The presence of the nanoparticles also increases the thickness of the silane layer and contributes to blocking conductive pathways through the film, which hinders the electrolyte uptake. Some studies have proposed that silica particles react with the cathodically generated OH− ions, which could control the cathodic reaction. The silicate ions would react with Al3+ ions, forming a stable passive silicate film at the anode.
Compared to traditional chromate conversion treatments, the problem with silanes is they do not actively protect the metallic substrate. In fact, when water and aggressive ions reach the surface of the metal, silane layers cannot ensure an inhibition of the corrosion process as active as chromate compounds can be.
To improve the protection properties, silane layers have been made by adding organic or inorganic inhibitors to the silane films. Adding corrosion inhibitors to sol–gel coatings, for example, can enhance the interface stability by delaying corrosion-induced delamination at the damage site. Many kinds of inhibitors have been used to increase the corrosion-protective properties of sol–gel coatings. One promising development is adding inhibitors directly to the inside of the sol–gel coatings. Inorganic inhibitors, such as chromates, have been shown to have a positive influence on the corrosion protection of aluminum alloys. However, these inhibitors negatively influence the stability time of the sol–gel network. (Figure 4)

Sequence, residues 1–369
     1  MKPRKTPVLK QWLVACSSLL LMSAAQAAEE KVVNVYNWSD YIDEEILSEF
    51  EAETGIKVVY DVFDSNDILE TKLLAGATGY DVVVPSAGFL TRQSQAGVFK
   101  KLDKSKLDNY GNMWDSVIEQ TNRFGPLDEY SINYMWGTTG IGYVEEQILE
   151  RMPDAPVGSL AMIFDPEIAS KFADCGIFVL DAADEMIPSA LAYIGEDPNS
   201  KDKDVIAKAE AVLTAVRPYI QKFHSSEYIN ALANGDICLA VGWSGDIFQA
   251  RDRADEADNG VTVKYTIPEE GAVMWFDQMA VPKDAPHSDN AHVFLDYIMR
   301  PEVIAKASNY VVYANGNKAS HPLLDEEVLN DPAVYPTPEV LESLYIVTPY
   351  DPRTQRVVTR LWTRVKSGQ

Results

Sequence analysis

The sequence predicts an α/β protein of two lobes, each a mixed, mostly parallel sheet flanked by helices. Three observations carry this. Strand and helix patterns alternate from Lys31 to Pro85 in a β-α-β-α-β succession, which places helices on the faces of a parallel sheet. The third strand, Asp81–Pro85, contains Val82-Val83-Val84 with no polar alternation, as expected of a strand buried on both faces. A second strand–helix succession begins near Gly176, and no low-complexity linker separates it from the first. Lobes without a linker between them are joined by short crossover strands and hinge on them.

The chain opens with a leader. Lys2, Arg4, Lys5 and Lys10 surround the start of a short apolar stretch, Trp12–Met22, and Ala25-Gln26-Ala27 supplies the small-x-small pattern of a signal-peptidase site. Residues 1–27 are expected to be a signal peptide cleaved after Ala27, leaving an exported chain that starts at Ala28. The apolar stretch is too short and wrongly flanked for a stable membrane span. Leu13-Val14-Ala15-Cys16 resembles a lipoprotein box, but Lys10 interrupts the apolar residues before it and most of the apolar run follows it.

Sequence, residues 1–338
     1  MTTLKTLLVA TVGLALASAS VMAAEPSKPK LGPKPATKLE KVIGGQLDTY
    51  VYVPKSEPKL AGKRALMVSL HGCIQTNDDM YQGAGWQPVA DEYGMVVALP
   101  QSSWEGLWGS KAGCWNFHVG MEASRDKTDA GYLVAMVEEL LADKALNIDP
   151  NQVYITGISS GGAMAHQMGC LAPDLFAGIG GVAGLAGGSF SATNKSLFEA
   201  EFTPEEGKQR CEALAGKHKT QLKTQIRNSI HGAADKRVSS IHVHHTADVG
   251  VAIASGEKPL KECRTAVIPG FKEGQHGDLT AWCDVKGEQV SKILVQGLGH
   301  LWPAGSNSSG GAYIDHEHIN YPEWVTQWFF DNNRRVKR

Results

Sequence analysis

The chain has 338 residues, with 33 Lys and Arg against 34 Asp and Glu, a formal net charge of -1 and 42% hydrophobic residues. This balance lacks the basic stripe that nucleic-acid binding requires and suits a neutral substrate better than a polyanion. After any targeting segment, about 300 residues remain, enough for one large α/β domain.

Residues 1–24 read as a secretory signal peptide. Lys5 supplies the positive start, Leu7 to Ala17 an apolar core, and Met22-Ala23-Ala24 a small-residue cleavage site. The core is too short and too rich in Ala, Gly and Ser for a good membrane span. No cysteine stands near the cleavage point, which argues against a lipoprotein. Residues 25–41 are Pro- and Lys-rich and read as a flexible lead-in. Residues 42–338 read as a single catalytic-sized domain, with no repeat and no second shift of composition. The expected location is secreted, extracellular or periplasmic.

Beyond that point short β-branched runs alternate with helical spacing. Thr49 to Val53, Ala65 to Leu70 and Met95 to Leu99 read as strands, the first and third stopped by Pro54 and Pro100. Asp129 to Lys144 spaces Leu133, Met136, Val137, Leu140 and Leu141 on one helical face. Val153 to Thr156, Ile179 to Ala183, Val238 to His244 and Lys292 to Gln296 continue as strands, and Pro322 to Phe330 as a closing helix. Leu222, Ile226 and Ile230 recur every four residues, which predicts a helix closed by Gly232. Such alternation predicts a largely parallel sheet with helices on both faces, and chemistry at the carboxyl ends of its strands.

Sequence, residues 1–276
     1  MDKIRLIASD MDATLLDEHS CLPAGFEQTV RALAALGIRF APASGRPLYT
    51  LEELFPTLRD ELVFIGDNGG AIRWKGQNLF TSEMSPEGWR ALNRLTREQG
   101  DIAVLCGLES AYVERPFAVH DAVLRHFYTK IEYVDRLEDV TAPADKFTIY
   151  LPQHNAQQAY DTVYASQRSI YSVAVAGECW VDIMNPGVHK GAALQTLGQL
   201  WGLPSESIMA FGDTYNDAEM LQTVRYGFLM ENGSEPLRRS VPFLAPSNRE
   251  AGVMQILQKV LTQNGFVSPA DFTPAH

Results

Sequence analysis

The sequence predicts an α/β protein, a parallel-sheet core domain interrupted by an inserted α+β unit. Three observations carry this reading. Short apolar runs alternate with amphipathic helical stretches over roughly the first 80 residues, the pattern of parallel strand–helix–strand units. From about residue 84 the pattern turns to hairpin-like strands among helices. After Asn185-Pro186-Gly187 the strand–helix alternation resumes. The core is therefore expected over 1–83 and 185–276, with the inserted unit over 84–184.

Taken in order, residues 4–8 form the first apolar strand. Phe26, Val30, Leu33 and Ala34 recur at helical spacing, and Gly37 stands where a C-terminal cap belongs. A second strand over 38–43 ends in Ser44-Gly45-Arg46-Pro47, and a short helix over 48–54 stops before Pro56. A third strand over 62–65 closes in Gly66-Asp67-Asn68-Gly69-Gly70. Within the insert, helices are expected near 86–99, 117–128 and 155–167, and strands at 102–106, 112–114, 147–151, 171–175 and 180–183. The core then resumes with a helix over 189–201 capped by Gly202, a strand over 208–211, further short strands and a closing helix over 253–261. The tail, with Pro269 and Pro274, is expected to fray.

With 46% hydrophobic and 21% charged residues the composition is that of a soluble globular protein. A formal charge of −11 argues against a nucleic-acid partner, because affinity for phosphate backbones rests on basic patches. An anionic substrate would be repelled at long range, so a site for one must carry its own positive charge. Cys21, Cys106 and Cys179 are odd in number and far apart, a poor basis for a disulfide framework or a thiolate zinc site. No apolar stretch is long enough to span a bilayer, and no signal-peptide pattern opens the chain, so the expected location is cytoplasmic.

On the other hand, most organic inhibitors suppress aluminum corrosion by covering the surface with passive films and by forming complexes with the alloy without any negative effect on the stability time of the sol-gel network. To confer active corrosion protection for pre-treatments, organic inhibitors also can be added to the sol–gel system during a synthesis procedure. Because of their inhibiting action towards the cathodic process, triazole and thiazole derivatives, as well as 8-hydroxyquinoline, have been studied as possible corrosion inhibitors for aluminum alloys.